Uveal Melanoma: Prognostication Methods

  • Sarah E. CouplandEmail author
  • Azzam Taktak
  • Antonio Eleuteri
  • Helen Kalirai
  • Sophie Thornton
  • Bertil E. Damato


Almost 50% of uveal melanoma (UM) patients develop metastatic disease, despite successful ocular treatment. Metastases usually involve the liver and only rarely respond to treatment so that most patients die within a year of onset of symptoms. There are hopes that systemic adjuvant therapy may delay or prevent metastatic disease. This requires targeting of high-risk patients, according to anatomic, histologic, and genetic predictors. Metastatic disease occurs almost exclusively in patients whose tumor shows genetic aberrations such as chromosome 3 loss, chromosome 8q gains, and BAP1 mutation. The detection of lethal genetic aberrations has become more sensitive with the development of methods such as comparative genomic hybridization, microsatellite analysis, multiplex ligation-dependent probe amplification, single-nucleotide polymorphisms, gene expression profiling, next-generation sequencing, and immunohistochemical analysis of nuclear BAP1 expression. The time from ocular treatment to the onset of metastatic disease tends to be shorter in patients with a larger, more extensive ocular tumor and a higher grade of malignancy as evidenced by epithelioid cytomorphology and higher mitotic count. Ideally, prognostication is performed by multivariable analysis using a tool such as the Liverpool Uveal Melanoma Prognosticator Online (LUMPO). Accurate prognostication enhances quality of life, especially in patients with a good prognosis. It also allows targeting of systemic surveillance and systemic adjuvant therapy in high-risk patients and enhances opportunities for research.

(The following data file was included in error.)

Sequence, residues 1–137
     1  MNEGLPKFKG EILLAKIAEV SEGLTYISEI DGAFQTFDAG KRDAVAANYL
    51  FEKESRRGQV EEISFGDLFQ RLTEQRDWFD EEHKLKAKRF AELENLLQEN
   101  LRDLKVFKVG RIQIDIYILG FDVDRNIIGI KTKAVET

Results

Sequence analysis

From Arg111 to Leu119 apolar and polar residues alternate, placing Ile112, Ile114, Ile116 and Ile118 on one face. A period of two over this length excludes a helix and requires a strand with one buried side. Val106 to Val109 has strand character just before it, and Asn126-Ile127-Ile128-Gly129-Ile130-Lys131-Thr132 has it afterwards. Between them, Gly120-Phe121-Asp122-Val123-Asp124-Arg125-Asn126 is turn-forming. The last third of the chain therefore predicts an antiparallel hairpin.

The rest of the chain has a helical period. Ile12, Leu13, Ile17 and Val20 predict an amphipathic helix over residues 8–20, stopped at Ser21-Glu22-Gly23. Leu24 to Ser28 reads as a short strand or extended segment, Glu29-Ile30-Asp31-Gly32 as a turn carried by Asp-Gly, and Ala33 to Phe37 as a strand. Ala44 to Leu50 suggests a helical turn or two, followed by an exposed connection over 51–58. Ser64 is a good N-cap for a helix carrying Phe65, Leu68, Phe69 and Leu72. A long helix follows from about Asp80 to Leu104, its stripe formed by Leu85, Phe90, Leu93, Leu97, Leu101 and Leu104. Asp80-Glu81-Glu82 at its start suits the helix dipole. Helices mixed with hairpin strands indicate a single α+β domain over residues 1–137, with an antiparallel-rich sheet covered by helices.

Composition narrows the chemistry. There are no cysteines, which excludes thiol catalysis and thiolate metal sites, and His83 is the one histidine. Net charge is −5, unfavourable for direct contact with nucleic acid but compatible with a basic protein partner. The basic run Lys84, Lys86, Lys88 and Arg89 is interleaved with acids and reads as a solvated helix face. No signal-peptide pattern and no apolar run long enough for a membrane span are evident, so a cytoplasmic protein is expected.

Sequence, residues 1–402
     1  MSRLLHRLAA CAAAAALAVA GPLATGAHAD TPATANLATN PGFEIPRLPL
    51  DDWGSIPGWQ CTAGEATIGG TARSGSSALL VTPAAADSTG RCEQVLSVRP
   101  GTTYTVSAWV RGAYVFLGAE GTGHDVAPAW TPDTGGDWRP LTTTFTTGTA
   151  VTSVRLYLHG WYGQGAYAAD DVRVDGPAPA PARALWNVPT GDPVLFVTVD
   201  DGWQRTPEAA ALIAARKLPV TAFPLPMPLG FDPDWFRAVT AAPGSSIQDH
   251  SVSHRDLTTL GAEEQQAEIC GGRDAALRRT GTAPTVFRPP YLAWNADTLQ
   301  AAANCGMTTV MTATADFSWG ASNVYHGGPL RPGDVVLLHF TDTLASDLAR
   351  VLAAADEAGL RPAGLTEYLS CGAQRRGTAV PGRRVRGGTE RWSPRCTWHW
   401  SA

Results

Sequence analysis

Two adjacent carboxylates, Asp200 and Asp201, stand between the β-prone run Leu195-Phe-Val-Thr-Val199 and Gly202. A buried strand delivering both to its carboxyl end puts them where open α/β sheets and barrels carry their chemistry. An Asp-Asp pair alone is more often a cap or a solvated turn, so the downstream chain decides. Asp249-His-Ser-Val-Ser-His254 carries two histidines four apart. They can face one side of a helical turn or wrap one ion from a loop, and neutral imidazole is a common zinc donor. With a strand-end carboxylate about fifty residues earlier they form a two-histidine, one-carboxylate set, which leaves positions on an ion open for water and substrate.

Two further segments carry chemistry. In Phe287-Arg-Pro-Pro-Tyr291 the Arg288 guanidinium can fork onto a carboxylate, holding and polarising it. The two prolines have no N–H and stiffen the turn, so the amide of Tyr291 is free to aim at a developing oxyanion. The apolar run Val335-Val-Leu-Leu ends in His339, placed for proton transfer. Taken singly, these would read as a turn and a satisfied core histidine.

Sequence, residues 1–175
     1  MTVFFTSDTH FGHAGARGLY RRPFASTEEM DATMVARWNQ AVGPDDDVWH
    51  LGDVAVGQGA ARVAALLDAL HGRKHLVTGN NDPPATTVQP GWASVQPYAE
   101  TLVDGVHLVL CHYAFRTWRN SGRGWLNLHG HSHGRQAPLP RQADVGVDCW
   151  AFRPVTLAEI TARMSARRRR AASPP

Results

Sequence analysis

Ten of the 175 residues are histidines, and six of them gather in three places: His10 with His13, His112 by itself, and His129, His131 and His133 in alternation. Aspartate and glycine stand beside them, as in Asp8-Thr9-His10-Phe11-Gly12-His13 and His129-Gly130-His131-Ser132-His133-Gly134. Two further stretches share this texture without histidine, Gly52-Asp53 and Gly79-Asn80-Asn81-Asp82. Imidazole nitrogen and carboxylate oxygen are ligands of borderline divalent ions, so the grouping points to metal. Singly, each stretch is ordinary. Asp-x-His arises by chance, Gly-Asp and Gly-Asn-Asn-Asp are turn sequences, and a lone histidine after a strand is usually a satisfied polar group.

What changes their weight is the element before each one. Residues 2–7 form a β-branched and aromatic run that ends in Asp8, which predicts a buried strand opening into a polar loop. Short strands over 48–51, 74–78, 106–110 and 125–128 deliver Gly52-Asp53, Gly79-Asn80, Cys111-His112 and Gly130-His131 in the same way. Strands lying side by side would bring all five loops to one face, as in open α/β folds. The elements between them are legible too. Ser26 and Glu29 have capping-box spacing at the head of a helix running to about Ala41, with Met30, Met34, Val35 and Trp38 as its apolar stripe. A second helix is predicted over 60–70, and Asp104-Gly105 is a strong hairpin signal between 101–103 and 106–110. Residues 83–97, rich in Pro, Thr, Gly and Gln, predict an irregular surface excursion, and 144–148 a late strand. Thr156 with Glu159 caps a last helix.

Prognostication FISH fluorescence in situ hybridization CGH comparative genomic hybridization MSA microsatellite analysis MLPA multiplex ligation-dependent probe amplification SNP single-nucleotide polymorphisms UM-GEP uveal melanoma gene expression profiling LOH loss of heterozygosity FFPE formalin-fixed paraffin-embedded material NGS next-generation sequencing 


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Copyright information

© Springer Nature Switzerland AG 2019

Authors and Affiliations

  • Sarah E. Coupland
    • 1
    Email author
  • Azzam Taktak
    • 2
  • Antonio Eleuteri
    • 2
  • Helen Kalirai
    • 1
  • Sophie Thornton
    • 1
  • Bertil E. Damato
    • 3
  1. 1.Department of Molecular and Clinical Cancer Medicine, Institute of Translational MedicineUniversity of LiverpoolLiverpool, MerseysideUK
  2. 2.Department of Medical Physics and Clinical EngineeringRoyal Liverpool University HospitalLiverpoolUK
  3. 3.Nuffield Department of Clinical NeurosciencesUniversity of Oxford, John Radcliffe HospitalOxfordUK

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